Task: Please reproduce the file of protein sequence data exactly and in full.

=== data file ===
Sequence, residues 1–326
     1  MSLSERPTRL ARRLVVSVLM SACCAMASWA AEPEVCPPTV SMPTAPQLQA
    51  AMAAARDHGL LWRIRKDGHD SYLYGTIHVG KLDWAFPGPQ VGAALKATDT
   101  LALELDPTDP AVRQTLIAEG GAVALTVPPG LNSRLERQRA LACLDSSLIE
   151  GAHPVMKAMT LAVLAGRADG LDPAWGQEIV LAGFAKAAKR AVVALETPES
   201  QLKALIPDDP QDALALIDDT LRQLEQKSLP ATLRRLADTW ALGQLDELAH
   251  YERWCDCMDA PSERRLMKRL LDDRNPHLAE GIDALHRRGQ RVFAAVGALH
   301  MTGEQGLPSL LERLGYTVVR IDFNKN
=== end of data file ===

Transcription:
Sequence, residues 1–326
     1  MSLSERPTRL ARRLVVSVLM SACCAMASWA AEPEVCPPTV SMPTAPQLQA
    51  AMAAARDHGL LWRIRKDGHD SYLYGTIHVG KLDWAFPGPQ VGAALKATDT
   101  LALELDPTDP AVRQTLIAEG GAVALTVPPG LNSRLERQRA LACLDSSLIE
   151  GAHPVMKAMT LAVLAGRADG LDPAWGQEIV LAGFAKAAKR AVVALETPES
   201  QLKALIPDDP QDALALIDDT LRQLEQKSLP ATLRRLADTW ALGQLDELAH
   251  YERWCDCMDA PSERRLMKRL LDDRNPHLAE GIDALHRRGQ RVFAAVGALH
   301  MTGEQGLPSL LERLGYTVVR IDFNKN